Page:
Notes on Two Hundred Years (and More)

by Douglas H. Parkhurst

A rather curious headline appeared above a story on page one of the Waterbury (CT) Evening Democrat on Thursday, February 14, 1889. It read “One Preacher Less in the Family.” The story: “Danbury, Conn., Feb.14. – The sudden disappearance of the Rev. W.J. Crosley, pastor of the Universalist church, is as much a mystery as ever. He left Danbury Sunday night, taking with him much property belonging to his wife, who is also a Universalist preacher of some note. He had tendered his resignation as pastor of the church and had collected $100 back salary due him. His wife procured an attachment of $2,000 against him, which covers what property he left….Crosley was last seen boarding the Washington express train bound west.” 

The Rev. William J. Crosley and family came to Danbury in 1887. At that time the Universalist Church was located on Liberty Street, a little east of and opposite Delay Street in the center of town. Born in 1845 in Ohio, William Crosley was the brother of two Universalist ministers and husband of a third. A farmer early in life he began preaching around 1867 after service in the 34th and 36th Regiments Ohio Volunteer Infantry during the Civil War. Crosley attended Canton Theological School in Canton, New York, and was ordained in 1870. During his ministerial career, besides Danbury, Rev. Crosley served Universalists in New Hampshire, Ohio, and Indiana. He was described as “a studious and faithful man, performing his work handicapped by a retiring disposition; a devoted pastor over several parishes in Ohio. There was no stain upon his name nor character.” A year after leaving Danbury he was serving a parish in Ohio. William Crosley left the Universalist ministry around 1897 after more than twenty-five years of service.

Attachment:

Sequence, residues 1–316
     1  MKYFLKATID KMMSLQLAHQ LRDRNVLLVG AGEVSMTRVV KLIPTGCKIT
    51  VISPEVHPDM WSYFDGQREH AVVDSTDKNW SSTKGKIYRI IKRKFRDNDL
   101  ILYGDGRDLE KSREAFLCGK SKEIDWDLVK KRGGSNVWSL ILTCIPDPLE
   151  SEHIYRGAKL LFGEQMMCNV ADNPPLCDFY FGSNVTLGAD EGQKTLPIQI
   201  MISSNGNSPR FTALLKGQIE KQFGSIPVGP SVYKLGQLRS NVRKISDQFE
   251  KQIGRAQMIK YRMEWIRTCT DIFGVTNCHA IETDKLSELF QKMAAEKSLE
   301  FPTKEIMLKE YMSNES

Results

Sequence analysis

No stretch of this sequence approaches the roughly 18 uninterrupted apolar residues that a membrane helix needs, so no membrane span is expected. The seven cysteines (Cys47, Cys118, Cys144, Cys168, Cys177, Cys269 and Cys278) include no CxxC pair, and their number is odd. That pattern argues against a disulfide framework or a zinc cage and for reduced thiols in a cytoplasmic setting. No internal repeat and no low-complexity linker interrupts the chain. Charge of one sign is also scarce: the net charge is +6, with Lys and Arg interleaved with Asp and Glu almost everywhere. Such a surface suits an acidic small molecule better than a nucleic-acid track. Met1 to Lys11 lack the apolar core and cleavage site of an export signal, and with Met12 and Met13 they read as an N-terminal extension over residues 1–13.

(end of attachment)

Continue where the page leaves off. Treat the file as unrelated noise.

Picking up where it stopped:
The Rev. Charlotta (Lotta) Davis Crosley was born in Ohio in 1848. She married Sampson Gath, a Civil War veteran, in 1867; this marriage ended with the death of her husband within a year. In 1870 she married William J. Crosley. She was the mother of two sons, one by Gath and one by Crosley. Lotta Crosley attended Western College in Oxford, Ohio, began preaching in the mid-1870s, and was ordained in Ohio in 1879. Records show Rev. Lotta Crosley supplied the pulpit part-time at the Long Ridge Universalist Society (which building is the present-day home of St. Francis Episcopal Church in the northern part of Stamford) while residing in Connecticut. Perhaps she preached in Danbury as well though we do not have documentation of this. During her long career Rev. Crosley also served parishes in Ohio, Indiana, and Colorado. It was said of Lotta Crosley, “No woman in Ohio was better known for her good works…. She had spoken to rich and poor. She had gone into palaces and hovels. She had carried the divine word into the house of law-makers and behind prison walls….There was a welcome for her everywhere.” 

What happened between this couple in February of 1889? Did personal differences, financial pressures, or occupational stress became too much? We don’t know for sure beyond what appears to have been a family split. We can infer that divorce followed the Crosleys’ departure from Danbury. William Crosley married again, in Iowa, in 1895. By 1900 he and his second wife, Frances, were living in Arkansas where William owned a farm. He died in Arkansas in 1907 and was buried there. Moving back to Ohio, Lotta Crosley continued in the Universalist ministry for the rest of her life. She died in West Virginia in 1917 while on a trip to supply a pulpit. She was laid to rest in Ohio, next to her first husband Sampson Gath.